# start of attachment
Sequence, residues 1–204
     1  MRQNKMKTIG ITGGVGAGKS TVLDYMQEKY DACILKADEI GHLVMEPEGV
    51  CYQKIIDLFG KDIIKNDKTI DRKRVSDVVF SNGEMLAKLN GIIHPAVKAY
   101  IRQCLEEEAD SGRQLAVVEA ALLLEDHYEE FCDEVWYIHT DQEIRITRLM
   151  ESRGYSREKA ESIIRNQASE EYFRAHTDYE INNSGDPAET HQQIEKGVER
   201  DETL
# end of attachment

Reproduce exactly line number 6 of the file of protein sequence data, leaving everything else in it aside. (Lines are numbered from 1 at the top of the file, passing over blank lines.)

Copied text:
   201  DETL